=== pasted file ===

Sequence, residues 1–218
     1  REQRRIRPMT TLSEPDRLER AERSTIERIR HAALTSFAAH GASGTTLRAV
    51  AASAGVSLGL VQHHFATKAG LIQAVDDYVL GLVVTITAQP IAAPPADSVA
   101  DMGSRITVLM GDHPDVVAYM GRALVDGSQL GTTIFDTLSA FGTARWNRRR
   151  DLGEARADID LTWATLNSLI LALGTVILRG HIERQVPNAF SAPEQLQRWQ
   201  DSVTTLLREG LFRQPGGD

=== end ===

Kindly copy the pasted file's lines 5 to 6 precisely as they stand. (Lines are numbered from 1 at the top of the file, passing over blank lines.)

   151  DLGEARADID LTWATLNSLI LALGTVILRG HIERQVPNAF SAPEQLQRWQ
   201  DSVTTLLREG LFRQPGGD